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Deutsche's Rescue Plan for Holzmann Faces Opposition

Deutsche Bank's rescue package for Holzmann was rejected by three other major creditors. That raises questions over the planned capital injection, which the beleaguered construction group needs to avoid insolvency.

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Heading for a nose-dive?

A question mark stands over Deutsche Bank's rescue plan for Philipp Holzmann AG after it was rejected Thursday by three other major creditors of the beleaguered construction group.

Dresdner Bank, HypoVereinsbank and Bankgesellschaft Berlin are unwilling to support the rescue package drawn up by Deutsche, which is also a major shareholder in Holzmann, while Commerzbank is seeking further clarification, people close to the banks said.

The latest development also puts a question mark over the 200 million euros capital injection, which Holzmann needs to avoid insolvency.

Holzmann said in a brief statement on Thursday that approval of the rescue package was still required from three creditors.

Current talks would therefore continue, it said. According to people close to the banks, Dresdner, HypoVereinsbank and Bankgesellschaft said in a letter to Deutsche that its plan lacked a future strategy for the construction group.

"Without this strategy it makes no sense to pump more money into Holzmann," a bank manager said. Even though the three banks are in a minority among Holzmann's creditors, their opposition adds to the pressure on the group.

It is in urgent need of a capital injection to avoid insolvency after it booked losses of 237 million euros last year. Equity capital totaled just 126 million euros at the end of 2000.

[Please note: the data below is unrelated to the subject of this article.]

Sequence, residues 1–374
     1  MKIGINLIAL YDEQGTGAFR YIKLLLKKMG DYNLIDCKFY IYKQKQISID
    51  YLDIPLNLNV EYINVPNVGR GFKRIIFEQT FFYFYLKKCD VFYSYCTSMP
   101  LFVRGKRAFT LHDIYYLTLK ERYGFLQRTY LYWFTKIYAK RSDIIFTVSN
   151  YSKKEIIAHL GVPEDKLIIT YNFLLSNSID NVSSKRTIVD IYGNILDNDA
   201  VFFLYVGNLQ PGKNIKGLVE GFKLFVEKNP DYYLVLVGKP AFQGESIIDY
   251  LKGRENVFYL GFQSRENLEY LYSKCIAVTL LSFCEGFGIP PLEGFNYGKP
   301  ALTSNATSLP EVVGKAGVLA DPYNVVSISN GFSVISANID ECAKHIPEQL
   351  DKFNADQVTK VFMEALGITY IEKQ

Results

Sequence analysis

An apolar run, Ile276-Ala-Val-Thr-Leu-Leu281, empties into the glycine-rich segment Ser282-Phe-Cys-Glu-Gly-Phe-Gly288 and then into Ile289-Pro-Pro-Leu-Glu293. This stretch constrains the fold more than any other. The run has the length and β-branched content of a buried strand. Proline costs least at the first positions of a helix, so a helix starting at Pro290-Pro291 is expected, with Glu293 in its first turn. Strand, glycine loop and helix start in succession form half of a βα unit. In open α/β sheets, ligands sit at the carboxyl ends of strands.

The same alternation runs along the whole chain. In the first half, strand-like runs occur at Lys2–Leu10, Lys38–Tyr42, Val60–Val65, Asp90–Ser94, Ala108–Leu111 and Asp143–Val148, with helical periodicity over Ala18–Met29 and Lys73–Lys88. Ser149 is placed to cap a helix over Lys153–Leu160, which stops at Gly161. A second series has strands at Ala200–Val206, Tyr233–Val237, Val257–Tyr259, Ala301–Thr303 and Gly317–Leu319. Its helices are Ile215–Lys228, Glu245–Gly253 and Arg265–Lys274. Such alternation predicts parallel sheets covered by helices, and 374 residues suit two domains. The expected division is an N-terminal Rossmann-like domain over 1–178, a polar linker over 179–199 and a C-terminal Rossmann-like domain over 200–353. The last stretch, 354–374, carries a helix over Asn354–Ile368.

Despite Holzmann's tense situation, some of its key creditors are clearly unwilling to make further funds available.

This unwillingness points to a lack of confidence in the group's future. "One has to ask at some point whether an insolvency is, in the end, the better solution," the bank manager said.

According to preliminary figures, Holzmann booked a loss of 114 million euros on its domestic market alone last year.

Several of its major building sites in Germany are making a loss. "That is surely an indication that there are also problems in its operating business," the bank manager said.

Against this backdrop, the statement by Deutsche Bank chief executive Rolf E. Breuer that Holzmann was not facing a liquidity crisis met with bewilderment.

"We can't understand those comments," a person close to the banks said. A spokesman for Deutsche said that Breuer had "merely said that there is no liquidity crisis.

And he's right. This is a case of overgearing".

Andre Leysen, chief executive of Holzmann's other major shareholder, Gevaert, said that the key issue was to what extent existing liabilities and current operating losses contributed to Holzmann's negative result.

Only when this question was resolved could a sensible restructuring plan be draw up.

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